Convicts on parole or probation in Montana currently have the same rights as anybody else to use medical marijuana as prescribed by a physician, but the Montana Department of Corrections (DOC) wants to alter this policy because of a perception that parolees are “doctor shopping” for the legal medication.
In the Dec. 6 issue of the Montana Administrative Register, a bi-monthly publication of the state government used to announce proposed policy changes, the DOC signaled its intention to curtail marijuana use among its wards, arguing, “It is poor public policy to permit offenders to use illegal drugs.”
DOC Probation Bureau Chief Ron Alsbury says the rule needs changing because Montana’s medical marijuana law conflicts directly with federal laws banning the substance outright.
“Having that conflict between the two laws makes it very difficult because we have an offender who is on parole or probation, and is breaking the law,” he says.
Patients and Families United, a statewide support and watchdog group for medical marijuana patient rights says the DOC’s argument misinterprets the law.
“[Medical marijuana] is not an illegal drug,” says Tom Daubert, communications director for the advocacy group. “Sixty-two percent of people voted to allow medical marijuana for patients and now the DOC wants to take that right away for some.”
Montana Initiative 148 legalized medical marijuana for people with cancer, glaucoma, HIV/AIDS, severe nausea and chronic pain, but prohibits even prescribed usage in schools and corrections facilities and while using public transportation. The 2004 initiative makes no prohibitions specific to parolees as long as they can provide documentation from a physician explaining the need for the otherwise illegal substance.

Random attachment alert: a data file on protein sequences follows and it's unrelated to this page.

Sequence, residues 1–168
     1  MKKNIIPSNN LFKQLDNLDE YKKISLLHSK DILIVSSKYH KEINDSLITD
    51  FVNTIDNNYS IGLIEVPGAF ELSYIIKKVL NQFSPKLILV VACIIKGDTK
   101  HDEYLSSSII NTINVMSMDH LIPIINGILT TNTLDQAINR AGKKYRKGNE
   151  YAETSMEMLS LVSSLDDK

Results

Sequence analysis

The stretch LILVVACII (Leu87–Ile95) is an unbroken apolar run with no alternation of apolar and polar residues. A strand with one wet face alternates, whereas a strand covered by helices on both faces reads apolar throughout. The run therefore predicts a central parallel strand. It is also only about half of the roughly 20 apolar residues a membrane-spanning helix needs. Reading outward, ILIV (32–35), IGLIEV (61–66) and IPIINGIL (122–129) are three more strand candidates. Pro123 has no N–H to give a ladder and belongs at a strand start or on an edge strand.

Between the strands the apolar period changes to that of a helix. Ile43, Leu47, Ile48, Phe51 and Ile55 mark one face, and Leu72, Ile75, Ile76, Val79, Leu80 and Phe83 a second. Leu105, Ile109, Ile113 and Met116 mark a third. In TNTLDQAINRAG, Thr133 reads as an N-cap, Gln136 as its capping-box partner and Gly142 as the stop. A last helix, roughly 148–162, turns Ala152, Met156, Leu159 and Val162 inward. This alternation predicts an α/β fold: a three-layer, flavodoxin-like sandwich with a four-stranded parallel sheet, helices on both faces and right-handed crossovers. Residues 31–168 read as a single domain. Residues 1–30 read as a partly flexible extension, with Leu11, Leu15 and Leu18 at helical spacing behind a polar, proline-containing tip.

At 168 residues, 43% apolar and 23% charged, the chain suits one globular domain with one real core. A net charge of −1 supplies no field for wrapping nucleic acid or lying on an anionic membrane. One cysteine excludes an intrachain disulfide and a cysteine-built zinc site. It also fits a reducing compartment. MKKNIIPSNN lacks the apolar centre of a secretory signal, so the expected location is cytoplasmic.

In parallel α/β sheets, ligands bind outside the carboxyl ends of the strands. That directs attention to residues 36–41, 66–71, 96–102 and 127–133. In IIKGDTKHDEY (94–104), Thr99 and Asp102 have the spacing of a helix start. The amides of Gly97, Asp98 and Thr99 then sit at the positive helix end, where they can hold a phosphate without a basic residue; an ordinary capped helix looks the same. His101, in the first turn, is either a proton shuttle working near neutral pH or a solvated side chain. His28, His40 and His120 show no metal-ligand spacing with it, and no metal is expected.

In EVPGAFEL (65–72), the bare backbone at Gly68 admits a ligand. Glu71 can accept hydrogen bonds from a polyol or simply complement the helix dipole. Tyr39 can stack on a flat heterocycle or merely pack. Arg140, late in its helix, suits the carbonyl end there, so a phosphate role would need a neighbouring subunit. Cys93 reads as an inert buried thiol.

Daubert says that the DOC wants to chip away at the law piece by piece. “[The DOC] never liked this law. It’s always been something they’ve wanted to get rid of but couldn’t,” he says.
As for the theory that parolees, particularly those with past drug problems, actively “doctor shop” for medical marijuana, Daubert says that’s absurd. He likens medical marijuana to insulin or blood pressure medication, and says outlawing it would be cruel.
“For a lot of these patients, banning medical marijuana is condemning them to a life of pain,” he says. “It would affect only a small amount of patients, but it would be a large effect.”
Citizens can comment on the proposed rule change by contacting the DOC before Jan. 10.